Assassin's Creed Brotherhood

[Hands-On] Assassin's Creed: Brotherhood Multiplayer

Do you enjoy stabbing things?
Author: Scott Rodgers
Published: October 11, 2010
As our preview of Dead Space 2’s multiplayer said, more and more studios are integrating competitive multiplayer modes in traditionally single player titles. It’s becoming less of a trend and more of the standard, as multiplayer extends a title’s lifespan, brings in a bigger audience, and in general if it’s fun the word of mouth can sell a boatload of copies itself.


When you mix an already massive franchise, a different take on the traditional free for all game type, and a very unique class system, you get Assassin’s Creed: Brotherhood. Ubisoft is taking a major risk here, coming out with another Assassin’s Creed so soon. Of course, the biggest change comes from fact that this game, despite having a single player campaign, will revolve around its multiplayer.

I recently got my hands on the Brotherhood beta. I didn’t know what to expect, especially as a fan of the series. Doubts and worries dominated my thoughts. AC’s combat has never been revolutionary, focusing around counter attacks. Most multiplayer titles reward quick strikes, but this particular game rewarded patience and seizing opportunities.

But after my first round, it clicked.

I’ve seen one word tossed around a lot when it pertains to Brotherhood’s multiplayer: tense. And truly, that is the best way to describe it. Running will get you killed; everyone looks the same, and the entire time you are stalked. You know someone is after you, and it could be the guy sitting on a bench around the corner or someone in that group of priests walking around.

All the while, you are tracking a target that is experiencing the same sort of paranoia. Since the combat has always been a lightning rod for criticism, it’s good to see Ubisoft has taken that out of the equation. When you get close, all it takes is a simple button press to attack. It wouldn’t be an Assassin’s Creed game without free running, and it is just as easy and natural as it has always been. The problem is that playing the game like in single player or what you think you should do (at least initially) will only get you killed.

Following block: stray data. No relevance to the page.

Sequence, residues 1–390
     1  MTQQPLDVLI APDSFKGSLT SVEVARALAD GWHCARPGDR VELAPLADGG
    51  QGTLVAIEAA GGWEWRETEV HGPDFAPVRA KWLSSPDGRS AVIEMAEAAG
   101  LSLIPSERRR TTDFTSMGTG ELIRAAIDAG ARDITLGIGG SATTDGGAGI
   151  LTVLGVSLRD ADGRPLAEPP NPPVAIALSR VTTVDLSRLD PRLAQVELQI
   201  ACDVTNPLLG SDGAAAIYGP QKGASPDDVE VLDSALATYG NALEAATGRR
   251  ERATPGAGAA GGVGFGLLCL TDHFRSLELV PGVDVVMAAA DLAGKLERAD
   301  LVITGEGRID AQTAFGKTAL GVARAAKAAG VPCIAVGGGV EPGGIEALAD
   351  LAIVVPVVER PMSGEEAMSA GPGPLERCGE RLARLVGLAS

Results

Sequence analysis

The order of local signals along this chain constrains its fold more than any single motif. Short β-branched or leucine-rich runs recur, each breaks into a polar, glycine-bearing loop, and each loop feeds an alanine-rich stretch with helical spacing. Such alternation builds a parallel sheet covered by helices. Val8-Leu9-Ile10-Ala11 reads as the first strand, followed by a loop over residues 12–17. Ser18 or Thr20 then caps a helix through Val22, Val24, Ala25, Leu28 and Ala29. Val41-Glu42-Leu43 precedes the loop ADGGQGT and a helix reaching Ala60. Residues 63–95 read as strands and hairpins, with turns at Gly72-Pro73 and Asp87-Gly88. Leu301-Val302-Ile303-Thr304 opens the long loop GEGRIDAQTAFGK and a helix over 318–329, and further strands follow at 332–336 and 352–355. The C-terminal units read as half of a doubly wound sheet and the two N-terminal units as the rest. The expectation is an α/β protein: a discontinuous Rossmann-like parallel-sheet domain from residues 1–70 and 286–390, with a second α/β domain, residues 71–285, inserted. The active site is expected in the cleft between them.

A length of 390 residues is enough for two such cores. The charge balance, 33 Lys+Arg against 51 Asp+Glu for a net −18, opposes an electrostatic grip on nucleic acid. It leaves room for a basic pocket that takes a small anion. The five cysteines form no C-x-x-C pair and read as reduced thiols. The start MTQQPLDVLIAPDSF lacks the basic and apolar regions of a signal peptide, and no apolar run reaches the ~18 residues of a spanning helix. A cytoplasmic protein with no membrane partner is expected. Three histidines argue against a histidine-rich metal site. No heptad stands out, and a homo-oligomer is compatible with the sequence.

There are nine different classes and though they control the same, each has its own quirks. Even though the executioner uses an axe and the doctor uses a giant needle, they’re both basically the same. Where the gameplay changes, however, is with the perks. Smoke bombs, poison, and the hidden gun all return from Assassin’s Creed 2. All of those drastically change how the game is played, and to add to the tension, until you have no idea who has what. Your pursuer could just as easily fire off a shot as he could run you down.

And that’s where the other half the equation comes in: movement. As I said earlier, running will lead to disaster. To blend in you’re going to have to walk within groups, sit at benches, and even stand still with a group of AI having a conversation. The best defense is to stay with a group of clones as much as possible. Truthfully, this benefits priests and courtesans the most as I have found that their groups spawn together a lot more frequently. However, there is no guarantee you’ll have enough time to get to said groups.

The two maps that are available are Siena and Rome. The former is a smaller map like setting that is packed to the brim with AI, while the latter is much larger and lends itself well to those who want to go vertical. I have found that Siena to be more fun, simply because it is great to watch chases as you’re trying to be one of the crowd.

In my experience, those who do choose to go vertical tend to lose. Even though their chances of evading death are drastically increased, and there are some balancing issues with constant “deaths from above,” a lot of the time they have trouble keeping pace with players who stick to the ground. Even though you’re more vulnerable, it is by far the best way to rack up points. It’s amazing to sit next to a clone on a bench and watch your pursuer stab the AI and lose your contract (I have been on both ends of this, unfortunately).

Overall, Assassin’s Creed: Brotherhood’s beta shows that this game not only works with competitive multiplayer, but it excels. I have told other members of the staff that the beta alone is the best multiplayer experience I have had on the PS3 this year, even nudging out Red Dead Redemption. Be sure to check out the game when it releases on November 16, 2010.

Just make sure to watch your back.